The section hikers laugh, but sometimes I wonder if they realize we're kidding. Thru-hiking is not as difficult as they assume it is, especially where food is concerned. (It's amazing how many people think we hunt/forage for food.)

The other nice thing about seeing so many southbounders is that we get a good idea of what is ahead of us. We can ask questions about the weather, the snow, and the upcoming mountain passes. We can also send messages to our fellow thru-hikers much more easily this way, without having to leave notes on trail signs and beneath piles of rocks.

Before our final ascent of the pass, we stopped for second breakfast with Games, Reason, Sunset and Lighthouse. Games and Reason had recently "adopted" the redheaded hiker Lighthouse, and Games liked to joke that he was her son, though they were probably not far apart in age. Her favorite running joke was to groan when Lighthouse introduced himself as Scottish, and she would say: "he was born in Chicago, guys. Chicago. Stop acting like you're cool, Lighthouse." They were a funny group and we had fun laughing and swapping sugary treats.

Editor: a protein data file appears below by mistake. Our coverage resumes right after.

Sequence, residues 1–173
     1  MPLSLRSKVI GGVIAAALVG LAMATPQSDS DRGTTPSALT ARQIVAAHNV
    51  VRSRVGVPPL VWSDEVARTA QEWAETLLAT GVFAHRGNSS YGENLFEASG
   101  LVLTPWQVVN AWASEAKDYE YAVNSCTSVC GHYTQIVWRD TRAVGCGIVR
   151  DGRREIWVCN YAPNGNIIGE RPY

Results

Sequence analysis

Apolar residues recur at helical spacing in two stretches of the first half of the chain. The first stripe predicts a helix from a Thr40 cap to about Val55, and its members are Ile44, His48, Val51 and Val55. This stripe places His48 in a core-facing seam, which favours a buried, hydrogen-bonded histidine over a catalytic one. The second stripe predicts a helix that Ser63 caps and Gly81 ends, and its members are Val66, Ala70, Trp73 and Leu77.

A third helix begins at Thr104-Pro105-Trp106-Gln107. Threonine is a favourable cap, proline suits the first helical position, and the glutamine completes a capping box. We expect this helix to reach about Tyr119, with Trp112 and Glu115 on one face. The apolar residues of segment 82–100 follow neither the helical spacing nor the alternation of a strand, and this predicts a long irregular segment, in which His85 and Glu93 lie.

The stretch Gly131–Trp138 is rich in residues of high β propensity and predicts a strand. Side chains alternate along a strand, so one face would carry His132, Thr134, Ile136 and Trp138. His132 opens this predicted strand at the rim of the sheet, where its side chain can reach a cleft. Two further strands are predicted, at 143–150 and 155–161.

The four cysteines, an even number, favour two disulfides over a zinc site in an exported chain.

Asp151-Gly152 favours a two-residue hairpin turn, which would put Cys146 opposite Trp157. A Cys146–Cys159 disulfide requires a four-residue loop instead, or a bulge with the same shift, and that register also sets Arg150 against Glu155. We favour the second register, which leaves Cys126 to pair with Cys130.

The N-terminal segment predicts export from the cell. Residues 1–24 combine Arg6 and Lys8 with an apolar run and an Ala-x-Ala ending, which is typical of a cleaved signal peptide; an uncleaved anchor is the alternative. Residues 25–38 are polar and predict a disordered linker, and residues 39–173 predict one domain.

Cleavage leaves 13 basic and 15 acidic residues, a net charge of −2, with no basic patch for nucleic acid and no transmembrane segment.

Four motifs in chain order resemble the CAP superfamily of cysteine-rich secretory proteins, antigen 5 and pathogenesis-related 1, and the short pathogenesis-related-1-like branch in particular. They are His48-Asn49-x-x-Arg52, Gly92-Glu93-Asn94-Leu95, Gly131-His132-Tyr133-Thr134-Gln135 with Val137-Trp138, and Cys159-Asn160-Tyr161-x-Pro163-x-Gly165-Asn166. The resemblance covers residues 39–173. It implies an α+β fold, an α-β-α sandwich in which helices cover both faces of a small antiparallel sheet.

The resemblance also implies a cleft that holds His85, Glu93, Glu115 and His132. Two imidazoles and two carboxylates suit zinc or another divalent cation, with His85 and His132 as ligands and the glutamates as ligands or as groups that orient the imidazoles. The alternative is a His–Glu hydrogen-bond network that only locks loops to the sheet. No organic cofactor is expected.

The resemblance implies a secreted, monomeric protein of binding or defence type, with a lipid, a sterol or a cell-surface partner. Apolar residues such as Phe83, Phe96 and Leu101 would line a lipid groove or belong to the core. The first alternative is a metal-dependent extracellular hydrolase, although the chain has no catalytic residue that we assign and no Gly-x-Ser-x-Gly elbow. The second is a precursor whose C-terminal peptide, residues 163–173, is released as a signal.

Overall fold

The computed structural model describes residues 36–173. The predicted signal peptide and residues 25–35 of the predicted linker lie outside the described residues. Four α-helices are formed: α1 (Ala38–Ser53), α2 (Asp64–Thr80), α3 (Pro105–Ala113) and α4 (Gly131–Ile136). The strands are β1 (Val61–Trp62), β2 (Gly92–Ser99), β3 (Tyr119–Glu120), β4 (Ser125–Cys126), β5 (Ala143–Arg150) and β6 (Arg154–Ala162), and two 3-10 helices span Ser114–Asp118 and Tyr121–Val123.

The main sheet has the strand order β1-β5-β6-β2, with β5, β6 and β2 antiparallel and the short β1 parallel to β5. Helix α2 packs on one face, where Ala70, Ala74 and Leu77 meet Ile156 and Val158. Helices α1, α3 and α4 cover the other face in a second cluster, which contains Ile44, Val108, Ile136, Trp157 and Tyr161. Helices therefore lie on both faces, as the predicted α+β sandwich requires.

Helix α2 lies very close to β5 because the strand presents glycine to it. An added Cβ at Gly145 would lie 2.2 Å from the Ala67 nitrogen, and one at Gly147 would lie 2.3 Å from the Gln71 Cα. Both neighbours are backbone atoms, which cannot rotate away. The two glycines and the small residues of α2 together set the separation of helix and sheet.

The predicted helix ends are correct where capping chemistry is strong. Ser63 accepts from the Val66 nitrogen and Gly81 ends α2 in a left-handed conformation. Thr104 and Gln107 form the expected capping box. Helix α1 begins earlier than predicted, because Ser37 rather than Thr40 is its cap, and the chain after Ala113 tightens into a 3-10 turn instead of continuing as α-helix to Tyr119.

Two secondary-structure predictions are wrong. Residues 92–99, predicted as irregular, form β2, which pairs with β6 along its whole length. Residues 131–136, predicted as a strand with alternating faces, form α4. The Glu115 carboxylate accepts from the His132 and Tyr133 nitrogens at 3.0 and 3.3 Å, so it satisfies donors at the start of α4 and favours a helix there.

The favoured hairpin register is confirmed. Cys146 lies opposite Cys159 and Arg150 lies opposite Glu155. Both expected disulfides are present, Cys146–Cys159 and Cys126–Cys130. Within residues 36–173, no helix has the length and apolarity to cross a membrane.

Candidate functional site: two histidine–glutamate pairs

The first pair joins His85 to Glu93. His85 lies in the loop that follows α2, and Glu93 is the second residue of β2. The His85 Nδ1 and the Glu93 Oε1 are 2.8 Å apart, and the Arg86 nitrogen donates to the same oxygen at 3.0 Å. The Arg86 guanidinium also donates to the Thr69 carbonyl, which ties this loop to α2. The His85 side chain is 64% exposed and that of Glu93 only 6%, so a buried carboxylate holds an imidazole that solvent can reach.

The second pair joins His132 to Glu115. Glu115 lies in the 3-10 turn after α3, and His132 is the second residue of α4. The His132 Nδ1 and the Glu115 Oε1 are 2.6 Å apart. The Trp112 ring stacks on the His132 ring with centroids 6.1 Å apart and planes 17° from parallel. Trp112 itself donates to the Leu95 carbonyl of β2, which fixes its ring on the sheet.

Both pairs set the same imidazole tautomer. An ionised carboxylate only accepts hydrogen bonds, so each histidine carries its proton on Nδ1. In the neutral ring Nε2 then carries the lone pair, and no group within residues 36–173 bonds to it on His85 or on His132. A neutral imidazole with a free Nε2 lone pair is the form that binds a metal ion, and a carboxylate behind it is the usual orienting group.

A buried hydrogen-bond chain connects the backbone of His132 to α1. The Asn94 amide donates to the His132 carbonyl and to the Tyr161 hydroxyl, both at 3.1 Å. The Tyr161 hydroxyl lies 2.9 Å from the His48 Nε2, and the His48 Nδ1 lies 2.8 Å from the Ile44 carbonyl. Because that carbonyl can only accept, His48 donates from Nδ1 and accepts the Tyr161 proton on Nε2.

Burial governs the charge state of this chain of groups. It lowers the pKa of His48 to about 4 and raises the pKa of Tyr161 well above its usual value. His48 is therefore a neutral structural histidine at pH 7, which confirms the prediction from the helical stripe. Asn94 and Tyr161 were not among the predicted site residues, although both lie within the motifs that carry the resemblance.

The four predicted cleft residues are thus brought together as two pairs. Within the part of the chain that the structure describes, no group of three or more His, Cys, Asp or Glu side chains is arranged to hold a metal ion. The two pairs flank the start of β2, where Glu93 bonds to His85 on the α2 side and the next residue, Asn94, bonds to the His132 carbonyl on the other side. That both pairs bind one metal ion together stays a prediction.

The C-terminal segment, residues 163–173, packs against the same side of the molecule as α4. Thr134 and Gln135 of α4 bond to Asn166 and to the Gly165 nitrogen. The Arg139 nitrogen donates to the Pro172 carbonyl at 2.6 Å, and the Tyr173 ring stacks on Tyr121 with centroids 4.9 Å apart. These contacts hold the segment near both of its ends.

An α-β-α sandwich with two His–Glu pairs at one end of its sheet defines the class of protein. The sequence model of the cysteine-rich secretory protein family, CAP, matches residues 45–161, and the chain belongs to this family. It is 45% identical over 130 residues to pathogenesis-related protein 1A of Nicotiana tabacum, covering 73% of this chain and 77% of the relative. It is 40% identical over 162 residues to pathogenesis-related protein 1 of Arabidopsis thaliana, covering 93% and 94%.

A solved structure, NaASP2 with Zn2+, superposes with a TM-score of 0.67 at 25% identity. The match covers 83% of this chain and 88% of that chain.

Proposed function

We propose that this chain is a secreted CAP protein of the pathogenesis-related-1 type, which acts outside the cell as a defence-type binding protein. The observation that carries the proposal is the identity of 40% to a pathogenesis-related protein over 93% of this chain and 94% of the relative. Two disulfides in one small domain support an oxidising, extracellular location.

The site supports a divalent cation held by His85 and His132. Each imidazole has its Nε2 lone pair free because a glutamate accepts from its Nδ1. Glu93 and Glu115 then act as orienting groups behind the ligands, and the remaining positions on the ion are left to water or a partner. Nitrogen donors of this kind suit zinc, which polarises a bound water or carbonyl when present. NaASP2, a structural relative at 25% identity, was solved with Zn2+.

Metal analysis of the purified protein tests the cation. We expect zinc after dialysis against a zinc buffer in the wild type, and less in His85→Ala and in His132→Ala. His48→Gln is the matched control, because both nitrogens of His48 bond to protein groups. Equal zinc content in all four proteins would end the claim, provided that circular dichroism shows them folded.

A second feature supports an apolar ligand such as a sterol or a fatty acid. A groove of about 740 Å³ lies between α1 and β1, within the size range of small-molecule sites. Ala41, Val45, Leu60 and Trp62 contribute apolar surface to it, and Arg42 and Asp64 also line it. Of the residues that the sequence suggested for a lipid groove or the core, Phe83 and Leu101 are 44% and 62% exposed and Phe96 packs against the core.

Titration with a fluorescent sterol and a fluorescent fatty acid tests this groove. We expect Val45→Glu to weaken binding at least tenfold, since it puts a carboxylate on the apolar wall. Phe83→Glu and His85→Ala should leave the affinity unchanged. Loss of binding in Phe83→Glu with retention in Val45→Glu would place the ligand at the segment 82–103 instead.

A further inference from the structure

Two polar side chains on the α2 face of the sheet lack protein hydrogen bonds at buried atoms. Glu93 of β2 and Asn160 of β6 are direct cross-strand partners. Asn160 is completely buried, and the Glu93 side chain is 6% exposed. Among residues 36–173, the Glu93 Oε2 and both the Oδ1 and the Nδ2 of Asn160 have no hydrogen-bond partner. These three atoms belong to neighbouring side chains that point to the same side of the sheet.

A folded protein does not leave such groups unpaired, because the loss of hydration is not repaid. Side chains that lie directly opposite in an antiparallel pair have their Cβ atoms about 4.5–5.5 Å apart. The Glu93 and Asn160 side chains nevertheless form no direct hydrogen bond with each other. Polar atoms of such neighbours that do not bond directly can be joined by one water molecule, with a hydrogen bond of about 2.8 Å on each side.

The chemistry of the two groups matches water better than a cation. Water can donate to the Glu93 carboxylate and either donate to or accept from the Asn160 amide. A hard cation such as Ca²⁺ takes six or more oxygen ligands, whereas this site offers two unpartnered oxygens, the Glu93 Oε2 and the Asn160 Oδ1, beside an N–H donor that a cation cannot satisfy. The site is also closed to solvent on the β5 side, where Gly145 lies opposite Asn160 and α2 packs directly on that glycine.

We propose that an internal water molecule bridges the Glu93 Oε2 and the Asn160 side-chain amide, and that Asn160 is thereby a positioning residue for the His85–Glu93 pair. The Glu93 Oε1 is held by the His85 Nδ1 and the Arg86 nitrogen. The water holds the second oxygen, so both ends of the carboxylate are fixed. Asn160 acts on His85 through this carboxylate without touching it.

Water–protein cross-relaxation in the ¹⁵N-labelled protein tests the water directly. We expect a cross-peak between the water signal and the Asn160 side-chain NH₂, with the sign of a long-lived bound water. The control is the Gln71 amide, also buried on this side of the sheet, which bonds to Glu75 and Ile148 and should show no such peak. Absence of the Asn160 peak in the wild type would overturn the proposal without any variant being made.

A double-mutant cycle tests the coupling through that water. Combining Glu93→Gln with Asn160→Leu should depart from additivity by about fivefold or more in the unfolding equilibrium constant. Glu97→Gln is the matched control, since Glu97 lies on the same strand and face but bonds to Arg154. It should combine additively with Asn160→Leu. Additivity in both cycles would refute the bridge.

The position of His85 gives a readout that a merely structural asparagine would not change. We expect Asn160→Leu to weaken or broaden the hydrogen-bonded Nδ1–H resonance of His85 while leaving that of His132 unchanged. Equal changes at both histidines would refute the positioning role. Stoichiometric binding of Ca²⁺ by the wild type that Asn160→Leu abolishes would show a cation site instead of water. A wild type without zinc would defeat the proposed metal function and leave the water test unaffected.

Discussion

With Skittles in our system, we began the climb. There were a lot of switchbacks, and though Glen Pass was lower in elevation than Forrester, it felt harder. Maybe I was just tired, but it took me a long time to get to the top. We passed a beautiful alpine lake along the way, with water so turquoise-blue that it didn't seem real. Sansei told us that he had gotten up very early this morning and put food coloring in it for us, and wasn't it beautiful?